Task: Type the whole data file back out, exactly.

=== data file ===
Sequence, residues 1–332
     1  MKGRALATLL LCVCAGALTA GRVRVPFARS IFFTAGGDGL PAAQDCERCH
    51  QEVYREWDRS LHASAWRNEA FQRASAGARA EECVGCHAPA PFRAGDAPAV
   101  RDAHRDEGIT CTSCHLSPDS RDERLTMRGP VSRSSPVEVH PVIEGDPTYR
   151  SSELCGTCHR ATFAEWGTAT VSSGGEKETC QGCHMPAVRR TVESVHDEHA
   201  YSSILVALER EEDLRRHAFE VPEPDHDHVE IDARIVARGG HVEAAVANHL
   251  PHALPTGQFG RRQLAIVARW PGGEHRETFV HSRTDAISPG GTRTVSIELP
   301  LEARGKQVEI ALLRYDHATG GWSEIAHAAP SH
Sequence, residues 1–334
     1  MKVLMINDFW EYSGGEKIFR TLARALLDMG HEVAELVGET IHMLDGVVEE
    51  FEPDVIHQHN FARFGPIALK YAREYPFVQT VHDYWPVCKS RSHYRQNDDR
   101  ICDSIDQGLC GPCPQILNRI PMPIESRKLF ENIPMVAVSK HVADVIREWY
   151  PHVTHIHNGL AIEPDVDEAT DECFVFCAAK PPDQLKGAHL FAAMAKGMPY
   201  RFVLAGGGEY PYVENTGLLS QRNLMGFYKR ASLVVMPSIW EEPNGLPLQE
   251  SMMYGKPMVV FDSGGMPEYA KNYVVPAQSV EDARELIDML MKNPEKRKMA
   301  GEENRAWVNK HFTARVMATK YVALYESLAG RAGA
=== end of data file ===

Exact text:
Sequence, residues 1–332
     1  MKGRALATLL LCVCAGALTA GRVRVPFARS IFFTAGGDGL PAAQDCERCH
    51  QEVYREWDRS LHASAWRNEA FQRASAGARA EECVGCHAPA PFRAGDAPAV
   101  RDAHRDEGIT CTSCHLSPDS RDERLTMRGP VSRSSPVEVH PVIEGDPTYR
   151  SSELCGTCHR ATFAEWGTAT VSSGGEKETC QGCHMPAVRR TVESVHDEHA
   201  YSSILVALER EEDLRRHAFE VPEPDHDHVE IDARIVARGG HVEAAVANHL
   251  PHALPTGQFG RRQLAIVARW PGGEHRETFV HSRTDAISPG GTRTVSIELP
   301  LEARGKQVEI ALLRYDHATG GWSEIAHAAP SH
Sequence, residues 1–334
     1  MKVLMINDFW EYSGGEKIFR TLARALLDMG HEVAELVGET IHMLDGVVEE
    51  FEPDVIHQHN FARFGPIALK YAREYPFVQT VHDYWPVCKS RSHYRQNDDR
   101  ICDSIDQGLC GPCPQILNRI PMPIESRKLF ENIPMVAVSK HVADVIREWY
   151  PHVTHIHNGL AIEPDVDEAT DECFVFCAAK PPDQLKGAHL FAAMAKGMPY
   201  RFVLAGGGEY PYVENTGLLS QRNLMGFYKR ASLVVMPSIW EEPNGLPLQE
   251  SMMYGKPMVV FDSGGMPEYA KNYVVPAQSV EDARELIDML MKNPEKRKMA
   301  GEENRAWVNK HFTARVMATK YVALYESLAG RAGA